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					The Astronomers’ Data Manifesto
                      Ray Norris,
       CSIRO Australia Telescope National Facility
             The Challenge
• How well do we manage astronomical data?
• Is there a consensus on how astronomical
  data should be managed?
• As our data volumes explode, do the old
  ways still work?
• Can we improve our science by doing better?
• Can we ward off external threats to our data?
• Example: the WIPO legislation
    United Nations                              United Nations


                                                                 International Council
       WIPO                                       ICSU           of Science
World Intellectual
Property Organisation     CODATA
  Committee on Data
  for Science and
  Technology
                                   IAU            IUGG             etc...



                     National Representatives
       Example: the WIPO proposal
• Protects information (about anything)
• No “fair use” provisions
• You cannot cite someone else’s data
  without obtaining their permission
• Each paper will need a paper-trail
  showing rights to cite data
• Our data centres and the VO would
  probably become unworkable
    United Nations                              United Nations


                                                                 International Council
       WIPO                                       ICSU           of Science
World Intellectual
Property Organisation     CODATA
  Committee on Data
  for Science and
  Technology
                                   IAU            IUGG             etc...



                     National Representatives
Challenge: how do you
stimulate a discussion
      about data         Why can’t
    management?          someone
                         else do it?
      The Astronomers’ Data Manifesto
        http://www.ivoa.net/twiki/bin/view/Astrodata/AstronomersManifesto
                (or just Google on “Astronomers’ Data Manifesto” )




We, the global community of
 astronomy, aspire to the
 following guidelines for
 managing astronomical data,
 believing that this would
 maximise the rate and cost-
 effectiveness of scientific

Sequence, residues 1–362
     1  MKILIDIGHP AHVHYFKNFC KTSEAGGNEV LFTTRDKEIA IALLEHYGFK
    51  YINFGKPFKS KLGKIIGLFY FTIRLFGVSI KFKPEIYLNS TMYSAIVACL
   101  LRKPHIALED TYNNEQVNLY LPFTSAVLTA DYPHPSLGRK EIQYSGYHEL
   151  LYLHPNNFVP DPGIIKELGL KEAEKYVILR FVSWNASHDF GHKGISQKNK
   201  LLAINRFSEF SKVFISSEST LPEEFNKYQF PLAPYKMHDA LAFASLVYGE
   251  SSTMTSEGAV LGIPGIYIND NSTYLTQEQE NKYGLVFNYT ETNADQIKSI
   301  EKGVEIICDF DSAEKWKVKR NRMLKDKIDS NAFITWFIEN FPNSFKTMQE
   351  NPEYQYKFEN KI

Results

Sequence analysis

discovery…
1. All significant tables, images, and
      spectra published in journals
           should appear in the
        astronomical data centres.
               Journal Data
• Many data published in journals never
  make it to the data centres
• When they do appear in data centres, they
  often don’t carry the metadata or ontology
  that enable machine-understanding
  – e.g. plot SED (Spectral Energy Distribution)
• One solution: standards agreed by authors,
  journals, data centres.
• Would need to be optional
• Guarantees appearance in data centres
2. All data obtained with publicly-
funded observatories should, after
appropriate proprietary periods, be
   placed in the public domain.
• This principle endorsed by a resolution
  at Sydney IAU GA
• Consistent with ICSU recommendations
• OECD Science Ministers have also said
  they want this
 3. In any new major astronomical
    construction project, the data
processing, storage, migration, and
management requirements should be
   built in at an early stage of the
project plan, and costed along with
      other parts of the project
Many new instruments are planned
without sufficient planning or funding
              Bad News
for data management
(decreasing scientific productivity)
  4. Astronomers in all countries
  should have the same access to
astronomical data and information.
We take for granted instant access
             Bad News
to literature and databases.
Our colleagues in developing
countries still dream of it
(thus disadvantaging them even further)
  5. Legacy astronomical data can be
   valuable, and high-priority legacy
  data should be preserved and stored
   in digital form in the data centres.
How do you prioritise?
                E.g. SN1987A
(Closest recorded supernova since invention of telescope)
Challenge: Digitising old data competes
for funding with new instruments

Challenge: how to prioritise?
    6. The IAU should work with other
       international organisations to
   achieve our common goals and learn
    from our colleagues in other fields.


• Use bodies such
  as CODATA to
  cross-fertilise
  All this will happen only if the
astronomical community makes it
              happen.

        Join the discussion!
    Come to SPS6 next week!
Join the e-discussion on Astrodata!

				
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posted:11/18/2012
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